artnet: See images from a fantastically kaleidoscopic exhibition in Geneva that does away with old categories of art history

How to bring the story to life? The Geneva Museum of Art and History decided the best way was to bring in a stranger, inviting renowned art historian Jean-Hubert Martin to take a fresh look at its collection.

Martin turned his expert eye to millennia of artworks and objects to assemble the exhibition”Draw your own conclusion“, an exuberant excursion through 500 works of all genres (including a handful of loans from several Geneva institutions) which brings together treasures constituting the fascinating diversity of the museum’s collection.

In total, the exhibition is divided into 20 sections, each based on different themes, from the cross to the globe, and from the breast to motherhood. Overall, the exhibition aims to abolish artistic hierarchies while reaffirming the primary relationship between the work and the viewer, freed from history.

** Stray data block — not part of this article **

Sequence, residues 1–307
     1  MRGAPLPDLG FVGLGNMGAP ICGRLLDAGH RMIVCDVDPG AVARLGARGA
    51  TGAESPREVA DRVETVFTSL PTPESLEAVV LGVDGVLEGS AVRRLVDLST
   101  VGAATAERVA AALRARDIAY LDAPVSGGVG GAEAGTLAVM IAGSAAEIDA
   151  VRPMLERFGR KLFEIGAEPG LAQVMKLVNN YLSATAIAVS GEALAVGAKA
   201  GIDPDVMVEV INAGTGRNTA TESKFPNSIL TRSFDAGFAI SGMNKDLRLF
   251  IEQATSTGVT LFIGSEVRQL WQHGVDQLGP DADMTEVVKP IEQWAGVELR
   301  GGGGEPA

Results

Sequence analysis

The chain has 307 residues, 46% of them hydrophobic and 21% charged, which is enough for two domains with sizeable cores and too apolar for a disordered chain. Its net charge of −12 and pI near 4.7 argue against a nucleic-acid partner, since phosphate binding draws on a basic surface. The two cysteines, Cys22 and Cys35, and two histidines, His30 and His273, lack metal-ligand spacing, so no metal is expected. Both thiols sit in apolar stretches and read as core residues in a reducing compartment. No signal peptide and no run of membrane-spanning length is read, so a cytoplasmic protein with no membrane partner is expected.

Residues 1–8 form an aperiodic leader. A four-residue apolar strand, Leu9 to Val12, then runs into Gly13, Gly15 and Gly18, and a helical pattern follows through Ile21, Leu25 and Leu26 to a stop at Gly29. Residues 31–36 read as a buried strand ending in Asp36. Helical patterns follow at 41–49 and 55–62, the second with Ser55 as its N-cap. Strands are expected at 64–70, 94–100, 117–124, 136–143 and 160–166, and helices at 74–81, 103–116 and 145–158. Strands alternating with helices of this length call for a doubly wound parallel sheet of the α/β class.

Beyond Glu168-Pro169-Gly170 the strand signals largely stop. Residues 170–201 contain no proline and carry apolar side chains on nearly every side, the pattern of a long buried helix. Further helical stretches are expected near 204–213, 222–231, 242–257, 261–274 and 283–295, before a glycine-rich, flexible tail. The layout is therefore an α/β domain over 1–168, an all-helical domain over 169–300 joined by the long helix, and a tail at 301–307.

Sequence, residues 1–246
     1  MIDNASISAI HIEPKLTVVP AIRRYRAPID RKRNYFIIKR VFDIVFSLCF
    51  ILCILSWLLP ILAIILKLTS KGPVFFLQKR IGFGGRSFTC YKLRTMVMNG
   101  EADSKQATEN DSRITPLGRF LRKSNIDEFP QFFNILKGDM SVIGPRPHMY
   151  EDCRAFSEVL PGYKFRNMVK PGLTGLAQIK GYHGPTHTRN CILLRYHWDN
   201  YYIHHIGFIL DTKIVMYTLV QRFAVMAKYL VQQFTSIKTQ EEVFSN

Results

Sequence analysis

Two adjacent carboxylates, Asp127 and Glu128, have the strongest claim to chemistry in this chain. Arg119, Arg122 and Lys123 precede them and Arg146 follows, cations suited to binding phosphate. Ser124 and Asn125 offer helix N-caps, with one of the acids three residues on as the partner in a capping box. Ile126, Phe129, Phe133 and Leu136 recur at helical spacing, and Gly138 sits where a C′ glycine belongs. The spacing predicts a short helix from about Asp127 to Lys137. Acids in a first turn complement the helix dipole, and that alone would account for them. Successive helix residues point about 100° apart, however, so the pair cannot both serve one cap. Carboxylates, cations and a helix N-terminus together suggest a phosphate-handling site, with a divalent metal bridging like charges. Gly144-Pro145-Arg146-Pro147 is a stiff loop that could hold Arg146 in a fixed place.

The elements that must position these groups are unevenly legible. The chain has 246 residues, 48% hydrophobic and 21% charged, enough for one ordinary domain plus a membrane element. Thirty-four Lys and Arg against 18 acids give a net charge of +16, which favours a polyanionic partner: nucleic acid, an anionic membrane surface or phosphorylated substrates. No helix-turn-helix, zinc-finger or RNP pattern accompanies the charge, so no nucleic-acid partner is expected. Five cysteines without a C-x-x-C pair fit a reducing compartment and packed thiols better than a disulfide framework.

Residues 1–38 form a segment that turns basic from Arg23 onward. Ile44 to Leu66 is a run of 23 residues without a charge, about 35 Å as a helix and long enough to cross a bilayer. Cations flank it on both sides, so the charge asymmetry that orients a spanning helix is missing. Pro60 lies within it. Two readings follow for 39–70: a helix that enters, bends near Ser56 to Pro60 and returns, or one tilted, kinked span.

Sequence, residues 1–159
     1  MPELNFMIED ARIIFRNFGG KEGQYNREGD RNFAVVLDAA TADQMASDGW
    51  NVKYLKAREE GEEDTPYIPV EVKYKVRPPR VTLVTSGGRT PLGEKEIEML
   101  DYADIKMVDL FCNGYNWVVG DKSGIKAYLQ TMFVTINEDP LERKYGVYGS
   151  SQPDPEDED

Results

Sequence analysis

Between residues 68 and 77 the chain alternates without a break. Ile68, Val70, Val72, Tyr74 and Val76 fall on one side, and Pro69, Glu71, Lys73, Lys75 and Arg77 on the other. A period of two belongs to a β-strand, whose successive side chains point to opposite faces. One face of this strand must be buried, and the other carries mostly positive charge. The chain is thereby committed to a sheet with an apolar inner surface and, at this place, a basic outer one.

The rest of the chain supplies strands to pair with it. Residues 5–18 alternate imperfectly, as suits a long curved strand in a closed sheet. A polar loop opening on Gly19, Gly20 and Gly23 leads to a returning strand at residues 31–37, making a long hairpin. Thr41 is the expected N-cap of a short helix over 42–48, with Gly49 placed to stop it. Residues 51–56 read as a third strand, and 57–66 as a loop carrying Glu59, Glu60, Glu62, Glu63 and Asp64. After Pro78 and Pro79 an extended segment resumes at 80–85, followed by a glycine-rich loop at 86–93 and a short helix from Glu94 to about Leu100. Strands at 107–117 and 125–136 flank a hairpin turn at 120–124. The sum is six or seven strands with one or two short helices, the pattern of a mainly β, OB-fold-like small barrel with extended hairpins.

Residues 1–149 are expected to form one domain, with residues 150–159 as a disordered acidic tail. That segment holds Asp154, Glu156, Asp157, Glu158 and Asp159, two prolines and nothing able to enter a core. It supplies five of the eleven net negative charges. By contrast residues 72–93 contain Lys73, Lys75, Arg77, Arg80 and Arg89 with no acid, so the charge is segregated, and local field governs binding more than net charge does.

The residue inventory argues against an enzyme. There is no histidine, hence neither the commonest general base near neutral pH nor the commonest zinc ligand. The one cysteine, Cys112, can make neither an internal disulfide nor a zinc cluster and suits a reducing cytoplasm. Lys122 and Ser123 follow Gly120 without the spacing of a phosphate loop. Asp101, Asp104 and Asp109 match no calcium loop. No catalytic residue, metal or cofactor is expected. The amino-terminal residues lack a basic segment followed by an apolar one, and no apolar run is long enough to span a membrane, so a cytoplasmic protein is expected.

“This exhibition was born from the observation of curator Jean-Hubert Martin that the knowledge accumulated over more than a century and a half, while advancing the history of art, ended up masking and obliterating the essential vitality of museums: the emotion that the pieces and objects are capable of giving rise to,” the museum said in a statement.More specifically, the curator wishes to reconnect with analogical thought, which dominated during the Renaissance before being eclipsed by Cartesian thought.

The exhibition is the second in the museum’s “XL” series, curated by the institution’s director, Marc-Olivier Wahler, in which outside experts are invited to curate exhibitions.

See images from the exhibit below.

Installation view “Draw what you see” at the Museum of Art and History, Geneva, 2022. Courtesy of the Museum of Art and History, Geneva.

Installation view “Draw what you see” at the Museum of Art and History, Geneva, 2022. Courtesy of the Museum of Art and History, Geneva.

Installation view “Draw what you see” at the Museum of Art and History, Geneva, 2022. Courtesy of the Museum of Art and History, Geneva.

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